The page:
Critics of premarital sex have been harping on abstinence-only education for decades, but recently the crusade against condoms has reached a fever pitch.
You might even say it’s spreading like wildfire.
This week, Focus on The Family chose to make perhaps one of the most inappropriate analogies we’ve ever seen, comparing the fires devastating the state of Colorado (where the group is headquartered) to premarital sex.
Via Mother Jones:
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Why are we intentionally spending billions of dollars handing kids matches (condoms), which result in careless (sexual) “fires” and treating victims who have been unnecessarily burned by sex (STDs, pregnancy)? Wouldn’t prevention be cheaper and healthier?
“Safe” sex education—or promoting casual sex, while handing out condoms and birth control to kids—is analogous to passing out matches to kids in school, and telling them, “Be sure you play safely with these in the forest and, above all, have fun!”
It’s irresponsible messaging that encourages high-risk behavior at a great cost to families and our entire nation.
But FoF isn’t the only one going anti-condom extreme at the moment. “Bad Catholic” blogger, Marc Barnes, the force behind a site called “1Flesh,” claims he’s fighting to “bring back sexy” — a loss that occurred because of artificial contraception.
So we got together — a group of college kids — to find the root of this mentality. (aka what the hell happened!?) Well, though any cultural change contains all sorts of contributing factors, we think we’ve narrowed all the wackness down to its primary cause: The widespread use of artificial contraception.
This is a dangerous idea. It’s dangerous because artificial contraception is heavily promoted by big pharmaceutical companies — like Bayer Corp. — and contraception providers — like Planned Parenthood. It’s dangerous because it’s not an idea supported by those in power. But most of all, it’s dangerous because it’s true.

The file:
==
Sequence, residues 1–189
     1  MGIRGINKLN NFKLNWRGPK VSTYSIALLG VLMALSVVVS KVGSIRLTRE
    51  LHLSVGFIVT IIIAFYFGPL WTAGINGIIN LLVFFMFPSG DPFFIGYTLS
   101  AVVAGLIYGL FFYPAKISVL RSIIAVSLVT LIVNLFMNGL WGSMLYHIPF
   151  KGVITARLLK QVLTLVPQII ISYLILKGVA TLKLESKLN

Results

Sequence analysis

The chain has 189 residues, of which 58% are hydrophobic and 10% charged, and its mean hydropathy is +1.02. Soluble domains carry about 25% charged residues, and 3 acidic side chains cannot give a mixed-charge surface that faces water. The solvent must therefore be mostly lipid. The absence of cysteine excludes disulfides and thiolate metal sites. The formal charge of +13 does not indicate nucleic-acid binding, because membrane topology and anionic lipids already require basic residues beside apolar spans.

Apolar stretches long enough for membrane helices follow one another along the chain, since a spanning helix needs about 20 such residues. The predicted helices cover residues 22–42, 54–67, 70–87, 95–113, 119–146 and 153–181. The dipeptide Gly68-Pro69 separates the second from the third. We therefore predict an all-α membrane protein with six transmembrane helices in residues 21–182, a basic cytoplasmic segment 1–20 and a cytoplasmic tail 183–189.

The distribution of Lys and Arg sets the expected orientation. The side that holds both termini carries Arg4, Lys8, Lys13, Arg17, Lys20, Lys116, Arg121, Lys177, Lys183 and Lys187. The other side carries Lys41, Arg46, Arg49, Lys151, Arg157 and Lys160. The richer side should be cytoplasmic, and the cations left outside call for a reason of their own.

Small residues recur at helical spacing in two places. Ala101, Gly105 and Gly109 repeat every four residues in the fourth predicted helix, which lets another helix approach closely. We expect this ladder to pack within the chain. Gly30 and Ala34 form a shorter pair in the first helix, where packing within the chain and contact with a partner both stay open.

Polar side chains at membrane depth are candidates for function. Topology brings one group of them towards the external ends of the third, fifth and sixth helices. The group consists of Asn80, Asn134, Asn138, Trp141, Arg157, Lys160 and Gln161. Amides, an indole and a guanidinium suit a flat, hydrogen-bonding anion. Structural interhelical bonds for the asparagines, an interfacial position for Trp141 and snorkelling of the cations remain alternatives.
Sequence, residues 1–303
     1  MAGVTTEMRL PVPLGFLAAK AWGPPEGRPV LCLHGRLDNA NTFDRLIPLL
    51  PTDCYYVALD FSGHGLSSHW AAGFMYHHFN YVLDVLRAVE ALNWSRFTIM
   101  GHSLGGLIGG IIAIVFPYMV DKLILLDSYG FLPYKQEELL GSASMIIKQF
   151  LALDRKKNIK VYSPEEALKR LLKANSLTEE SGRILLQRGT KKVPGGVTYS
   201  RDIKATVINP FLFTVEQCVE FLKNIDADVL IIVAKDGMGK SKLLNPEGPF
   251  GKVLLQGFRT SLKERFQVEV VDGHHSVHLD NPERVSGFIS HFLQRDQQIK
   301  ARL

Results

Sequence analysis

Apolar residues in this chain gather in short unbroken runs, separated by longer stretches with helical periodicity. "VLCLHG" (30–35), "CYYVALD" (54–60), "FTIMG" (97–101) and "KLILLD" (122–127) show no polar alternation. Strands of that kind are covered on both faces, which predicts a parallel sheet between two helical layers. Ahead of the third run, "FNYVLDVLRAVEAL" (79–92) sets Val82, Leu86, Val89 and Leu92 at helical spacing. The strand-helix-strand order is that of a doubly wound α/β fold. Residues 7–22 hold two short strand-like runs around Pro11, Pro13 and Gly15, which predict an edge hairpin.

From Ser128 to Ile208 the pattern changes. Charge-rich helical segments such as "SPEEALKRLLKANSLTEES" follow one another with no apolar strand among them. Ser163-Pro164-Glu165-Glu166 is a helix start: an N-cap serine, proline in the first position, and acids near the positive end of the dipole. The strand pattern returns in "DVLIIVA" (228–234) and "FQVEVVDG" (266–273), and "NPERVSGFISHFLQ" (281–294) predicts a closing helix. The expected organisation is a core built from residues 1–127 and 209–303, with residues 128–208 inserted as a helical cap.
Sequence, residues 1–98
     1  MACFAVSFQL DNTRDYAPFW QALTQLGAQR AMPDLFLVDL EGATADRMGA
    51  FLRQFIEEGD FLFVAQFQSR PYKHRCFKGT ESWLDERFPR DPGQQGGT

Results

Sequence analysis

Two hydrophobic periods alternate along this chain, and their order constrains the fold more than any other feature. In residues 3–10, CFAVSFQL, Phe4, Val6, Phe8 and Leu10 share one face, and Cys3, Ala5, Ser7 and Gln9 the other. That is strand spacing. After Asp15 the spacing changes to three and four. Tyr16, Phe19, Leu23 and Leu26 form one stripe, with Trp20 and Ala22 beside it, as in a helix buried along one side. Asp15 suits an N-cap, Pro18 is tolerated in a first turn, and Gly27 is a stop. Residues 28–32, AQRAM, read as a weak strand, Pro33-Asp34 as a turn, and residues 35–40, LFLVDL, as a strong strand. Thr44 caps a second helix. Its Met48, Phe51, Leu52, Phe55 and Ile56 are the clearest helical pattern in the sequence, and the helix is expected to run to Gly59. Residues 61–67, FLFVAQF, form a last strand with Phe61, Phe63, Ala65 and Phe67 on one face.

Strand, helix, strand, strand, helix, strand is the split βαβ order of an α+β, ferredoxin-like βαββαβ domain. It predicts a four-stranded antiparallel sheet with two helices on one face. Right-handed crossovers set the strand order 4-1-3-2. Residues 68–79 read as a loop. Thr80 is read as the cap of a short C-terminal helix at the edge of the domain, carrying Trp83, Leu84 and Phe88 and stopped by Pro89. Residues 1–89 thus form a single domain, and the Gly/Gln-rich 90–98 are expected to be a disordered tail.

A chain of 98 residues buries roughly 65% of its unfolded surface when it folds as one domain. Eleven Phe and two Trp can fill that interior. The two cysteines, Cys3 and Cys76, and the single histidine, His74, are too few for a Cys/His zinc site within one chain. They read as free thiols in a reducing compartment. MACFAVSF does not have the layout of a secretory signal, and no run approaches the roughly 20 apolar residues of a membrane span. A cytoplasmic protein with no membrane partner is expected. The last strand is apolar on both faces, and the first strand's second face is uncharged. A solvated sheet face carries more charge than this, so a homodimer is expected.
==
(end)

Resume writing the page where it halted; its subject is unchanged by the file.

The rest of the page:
However, “artificial” in this case seems to mean anything that isn’t the rhythm method. Although on his site Barnes bemoans “hormonal contraception” and all of the issues it allegedly causes, the site makes it clear he has just as much of a problem with condoms, too.
Likewise, condoms prevent the natural, beneficial effect a man has on his partner’s reproductive system. A major cause of female infertility is zinc deficiency. A man’s semen supplies this vital nutrient to his wife, as well as ascorbic acid, blood-group antigens, calcium, chlorine, cholesterol, choline, citric acid, creatine, fructose, glutathione, lactic acid, magnesium, nitrogen, phosphorous, potassium, sodium, sorbitol, and vitamin B12 — all important to a woman’s reproductive health.
Extremely important, in fact. In two studies published in Oncology in 1978 and 1980, it was suggested that semen absorbed in sexual intercourse can reduce a woman’s risk of breast cancer by “not less than 50%”, and that women using barrier contraceptives experience a higher risk of breast cancer. Similarly, it was shown that barrier methods of birth control may contribute to as much as 60% of preeclampsia cases — when a pregnant woman develops high blood pressure and protein in the urine after the 20th week of pregnancy.
Note, these aren’t “Abstinence-until-marriage” talking points (although Barnes believes in that, too) but why you should have no birth control at all, even once you are married. Not even condoms.
So how did everyone on the anti-choice side end up so anti-condom? Could it be because it is the one form of contraception that the male tends to be in charge of, and that forces them to hold responsibility for the end result of having sex as much as the woman is? An interesting article in the Wall Street Journal explains the logic behind the anti-choice talking point that if a woman didn’t want a baby, she shouldn’t have had sex, and why men are left out of that equation.
Before the pill and abortion, unwanted pregnancy was a foreseeable risk of sexual intercourse, one that was equally beyond the control of both partners. Afterward, the matter was entirely under the control of the woman. It was, and is, a woman’s choice whether to use the pill and, if pregnancy results anyway, whether to have an abortion. The flip side of choice is responsibility. As both a legal and practical matter, women have “reproductive rights” and men do not. It was reasonable for men to conclude that women’s gain in control implied a reciprocal lifting of men’s responsibility.
So, are condoms “matches” for teens to set themselves on fire with, “barriers” that cause a woman sickness and mental issues, or a thing to avoid in order to place the entire responsibility for unintended pregnancy solely on a woman? Whichever of these is being touted at the time, one thing is clear — anti-choicers aren’t just against contraception and abortion, they are against any sexual act that doesn’t result in a child.